Somaliland – Leading to Serve

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Edna Aden a true and committed Daughter of Somaliland

Somalilandsun – No one who follows the work of Dr Edna Adan can fail to be impressed by her energy, her tenacity and her unceasing commitment to improving the lives of her fellow human countrymen and women.

When we look around us it is all too easy to become cynical about other prominent individuals, especially our politicians. We have a tendency to tar them all with the same brush and assume that they are all just in it for themselves. The reality is far more complex and often quite uplifting; there are many individuals both in the Ruling and other parties who have a genuine desire to work for Somaliland. Successive presidents have served with varying degrees of distinction, but all have endeavoured to navigate a difficult path and hold the nation together at a time when there are some both internally and externally that would prefer it if things went awry. Leadership places extraordinary demands upon individuals and we the public are often all too quick to sit in judgement, when in reality only the Court of History will be able to give a fair assessment of a person or administration’s real worth.

Past and present SOMALILAND Leadership

It may well be unfashionable to speak of duty these days, but it is a key aspect of effective leadership. Let us not forget that the word ‘duty’ come from ‘debt’ hence ‘due’ – ‘that which is owing’. President Silanyo has worked tirelessly to ensure that he has done his duty and has had the difficult task of encouraging others to do the same. Leadership always tests an individual’s mettle and especially in the case of government ministers. One of the greatest challenges is the fact that government ministers rarely if ever receive any training for the post that they occupy.

Some ministers take to the task with ease, others find it more of a challenge, whilst occasionally there are people who are totally unsuitable for the role that they have been asked to undertake. Often it is not the individuals that are at fault it is the institutions themselves and thus it is vital that mechanisms are in place to provide the right support, guidelines and checks and balances. We all need to guard against twin dangers of nepotism and complacency. Citizens rightly have high expectations of those called to high office, hence when things go wrong or when issues appear not to be addressed in a coherent manner then criticism is often severe. It is worth noting that recently the President of Sierra Leone sacked his energy minister and deputy energy minister for continued incompetence that had manifested itself in the form of daily power shortages.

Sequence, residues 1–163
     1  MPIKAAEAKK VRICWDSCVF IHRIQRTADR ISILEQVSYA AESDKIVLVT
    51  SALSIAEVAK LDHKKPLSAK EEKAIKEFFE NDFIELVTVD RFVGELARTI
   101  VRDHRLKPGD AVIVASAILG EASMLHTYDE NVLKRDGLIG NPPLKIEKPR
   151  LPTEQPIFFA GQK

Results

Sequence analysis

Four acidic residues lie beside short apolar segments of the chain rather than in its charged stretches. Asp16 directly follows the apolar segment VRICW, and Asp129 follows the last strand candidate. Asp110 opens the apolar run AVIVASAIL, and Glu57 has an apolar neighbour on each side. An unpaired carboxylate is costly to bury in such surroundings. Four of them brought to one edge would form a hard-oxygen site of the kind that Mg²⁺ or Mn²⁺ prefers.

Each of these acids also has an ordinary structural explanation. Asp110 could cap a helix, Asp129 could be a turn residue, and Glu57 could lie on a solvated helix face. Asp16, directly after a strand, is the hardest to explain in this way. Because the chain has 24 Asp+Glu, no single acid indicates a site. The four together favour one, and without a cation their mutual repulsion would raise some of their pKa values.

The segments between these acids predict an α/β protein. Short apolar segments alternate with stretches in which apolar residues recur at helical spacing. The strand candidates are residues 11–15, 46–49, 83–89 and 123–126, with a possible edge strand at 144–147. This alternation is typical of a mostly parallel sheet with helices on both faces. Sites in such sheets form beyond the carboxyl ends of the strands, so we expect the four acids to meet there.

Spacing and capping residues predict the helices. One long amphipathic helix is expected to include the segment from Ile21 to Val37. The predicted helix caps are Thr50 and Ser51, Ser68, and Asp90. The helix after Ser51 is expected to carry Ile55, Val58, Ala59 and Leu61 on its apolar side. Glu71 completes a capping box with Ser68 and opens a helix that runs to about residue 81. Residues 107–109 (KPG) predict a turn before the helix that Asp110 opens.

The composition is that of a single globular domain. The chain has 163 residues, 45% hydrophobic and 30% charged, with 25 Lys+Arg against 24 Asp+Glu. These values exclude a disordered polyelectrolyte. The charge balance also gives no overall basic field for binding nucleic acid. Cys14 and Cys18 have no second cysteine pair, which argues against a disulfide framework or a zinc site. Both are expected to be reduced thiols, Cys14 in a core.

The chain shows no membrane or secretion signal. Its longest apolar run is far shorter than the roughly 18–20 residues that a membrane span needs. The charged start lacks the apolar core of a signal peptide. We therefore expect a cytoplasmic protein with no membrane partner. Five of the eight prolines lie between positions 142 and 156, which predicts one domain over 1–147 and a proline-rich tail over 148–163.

Somaliland has many ministers of high integrity and whilst there are occasional failings, its’ record is better than a number of comparable countries. Where perhaps we all get it wrong is in regard to the lexicon of leadership. There seems to be an obsession with power, we hear talk of ‘holding on to power’, ‘exercising power’ and of the ‘corridors of power’, sadly to date I have never heard any one talking of ‘the corridors of responsibility’.

A greater emphasis on responsibility is important for all leaders as it reminds them that they are accountable for their actions or occasional inaction, it also helps recalibrate the thinking so as to enable a greater appreciation of the importance of service. It is beholden on us all to do what we can to serve the nation in a positive manner, and even when we feel the need to criticise, we should do so in a constructive spirit. Somaliland’s greatest riches are not what may or may not lie under the ground, it is its people. The current government like those that have gone before carries an immense burden of expectation and it is perfectly understandable that occasionally it falls short or gets things wrong, but periodic failings or disappointments must not be used to condemn all it in its entirety. If we are truly objective about it, much has been achieved, but yet more remains to be done.

Nation states the world over face monumental challenges, some of which are exacerbated by external forces, some are of their own making. Somaliland has some problematic neighbours, and yet generally it gets along remarkably well with those countries it borders and trades with. Internally the regions occasionally feel overlooked and this causes tension; this is a common phenomenon the world over. Some prefer to gloss over, ignore or dismiss genuine problems, but the true mark of greatness in leadership is the ability to acknowledge and address difficulties with pragmatism and good grace. For any aspiring democracy two of the most important elements are a free and responsible press and an independent judiciary. A robust media and the rule of law are crucial bulwarks against the threat of tyranny and the cancer that is corruption. No government likes its inefficiencies to be made public, but in truth it can have a very cathartic affect. As in all things leaders must be prepared to take the rough with the smooth.

Mark T JonesIn my personal experience Somalis know that nothing of any real worth can be achieved without effort. Whilst it is important to hold administrations to account, if Somaliland is to continue to move forward it is essential that it harnesses the remarkable dynamism of its people and resolves to look to the future with confidence. Every man, woman and child needs to play their part, and those in leadership roles must lead from the front with confidence, humility and in a spirit of quiet determination and service.

Mark T Jones – Leadership Specialist

http://www.marktjones.com

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